Bangladesh coach Chandika Hathurusingha said that at tea time during on third day of the Mirpur Test there was apprehension that another winning position was slipping from their grasp after England had moved to 100 without loss chasing 273.
Hathurusingha, who has been influential in Bangladesh's rise in the last two years, praised the role of the players who stood up to his challenge to turn the situation around, particularly the likes of Tamim Iqbal, Shakib Al Hasan and Mehedi Hasan. Tamim, Mushfiqur Rahim's deputy, took an active role in setting fields while Shakib and Mehedi shared the ten wickets that fell in the third session, handing Bangladesh their maiden Test win over England.
"The best thing I can tell you is that the big players stood up," Hathurusingha told ESPNcricinfo. "I was disappointed and upset that we are nearly wasting another opportunity which we had in our hands. I had a chat with the boys. I challenged them to stand up. I told them that this opportunity will never come again. I am glad that a few people stood up and decided to do something different."
Bangladesh had previous frozen when near to a winning position on a number of occasions during England's tour this year - particularly the first one-day international and at key moments of the opening Test - but Hathurusingha said that the team will become more successful if they keep getting out of difficult situations in matches.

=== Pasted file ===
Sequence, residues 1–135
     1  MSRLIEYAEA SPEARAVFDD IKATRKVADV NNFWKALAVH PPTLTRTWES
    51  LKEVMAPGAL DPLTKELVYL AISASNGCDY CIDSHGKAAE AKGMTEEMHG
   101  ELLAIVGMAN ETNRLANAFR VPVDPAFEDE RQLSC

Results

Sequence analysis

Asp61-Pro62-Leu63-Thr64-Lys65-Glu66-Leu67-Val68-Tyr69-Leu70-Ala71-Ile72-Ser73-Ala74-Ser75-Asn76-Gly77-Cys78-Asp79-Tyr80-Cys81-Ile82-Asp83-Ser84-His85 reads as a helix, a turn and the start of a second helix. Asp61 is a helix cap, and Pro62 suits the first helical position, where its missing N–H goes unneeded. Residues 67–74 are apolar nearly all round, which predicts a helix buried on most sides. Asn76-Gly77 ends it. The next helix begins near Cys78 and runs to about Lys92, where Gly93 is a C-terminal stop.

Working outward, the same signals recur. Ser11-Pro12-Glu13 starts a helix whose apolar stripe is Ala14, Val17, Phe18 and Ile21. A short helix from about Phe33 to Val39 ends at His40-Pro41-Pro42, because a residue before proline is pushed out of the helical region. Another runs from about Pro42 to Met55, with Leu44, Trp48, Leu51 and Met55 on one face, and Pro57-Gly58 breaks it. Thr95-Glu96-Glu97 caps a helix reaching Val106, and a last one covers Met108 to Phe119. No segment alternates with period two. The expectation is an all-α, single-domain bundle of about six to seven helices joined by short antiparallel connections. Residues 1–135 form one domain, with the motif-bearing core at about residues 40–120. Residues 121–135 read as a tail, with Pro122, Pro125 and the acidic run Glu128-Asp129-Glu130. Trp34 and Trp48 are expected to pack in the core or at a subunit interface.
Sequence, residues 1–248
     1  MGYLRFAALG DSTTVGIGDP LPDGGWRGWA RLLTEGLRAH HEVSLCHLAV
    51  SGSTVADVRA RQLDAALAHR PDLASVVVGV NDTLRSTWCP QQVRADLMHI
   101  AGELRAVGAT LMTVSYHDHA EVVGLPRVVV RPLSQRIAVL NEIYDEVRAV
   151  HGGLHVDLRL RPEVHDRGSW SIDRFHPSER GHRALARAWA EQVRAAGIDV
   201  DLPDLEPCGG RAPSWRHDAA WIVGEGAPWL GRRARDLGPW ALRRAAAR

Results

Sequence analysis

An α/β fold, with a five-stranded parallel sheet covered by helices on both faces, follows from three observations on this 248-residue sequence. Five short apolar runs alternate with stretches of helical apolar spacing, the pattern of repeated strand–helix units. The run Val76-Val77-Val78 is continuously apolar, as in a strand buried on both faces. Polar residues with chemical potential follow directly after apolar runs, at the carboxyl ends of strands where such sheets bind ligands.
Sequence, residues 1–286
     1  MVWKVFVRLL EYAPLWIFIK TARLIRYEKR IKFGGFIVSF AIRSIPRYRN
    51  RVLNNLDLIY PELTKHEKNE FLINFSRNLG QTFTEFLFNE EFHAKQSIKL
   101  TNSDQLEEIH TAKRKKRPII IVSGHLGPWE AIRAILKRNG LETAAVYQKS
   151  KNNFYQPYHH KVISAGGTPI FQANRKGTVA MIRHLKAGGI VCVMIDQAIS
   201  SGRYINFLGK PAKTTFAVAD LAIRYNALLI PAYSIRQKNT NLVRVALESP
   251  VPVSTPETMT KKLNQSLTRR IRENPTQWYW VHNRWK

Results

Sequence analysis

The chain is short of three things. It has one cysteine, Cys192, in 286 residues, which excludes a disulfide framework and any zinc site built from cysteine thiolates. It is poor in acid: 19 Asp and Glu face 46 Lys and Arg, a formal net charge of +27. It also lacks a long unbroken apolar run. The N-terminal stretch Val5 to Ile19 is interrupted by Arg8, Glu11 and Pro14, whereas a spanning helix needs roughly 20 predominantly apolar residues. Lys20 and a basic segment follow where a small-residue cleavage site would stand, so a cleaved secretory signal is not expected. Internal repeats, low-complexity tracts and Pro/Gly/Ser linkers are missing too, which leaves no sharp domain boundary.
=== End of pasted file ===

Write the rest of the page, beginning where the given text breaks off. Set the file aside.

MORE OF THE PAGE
"This group is still learning. They have a long way to go. Otherwise we would have had more success. I hope that after this win, they will have better memories if they get into such winning positions in the future, to do on their own. They can find the ways on their own in the middle. There's a lot of idea sharing and making sure we create the environment that they get challenged."
Hathurusingha, who has now overseen four Test wins for Bangladesh, said that he is more interested in getting the job done rather than pleasing those around him. He said that the players and the BCB were supportive of him.
"I got lot of support from the players, who are open for ideas, and the board members which is all you want. You don't need everyone to like you. In that way, you're pleasing people. The more people criticise you, it means you are challenging what is happening. Results on top of that, give you a positive sign."
Mohammad Isam is ESPNcricinfo's Bangladesh correspondent. @isam84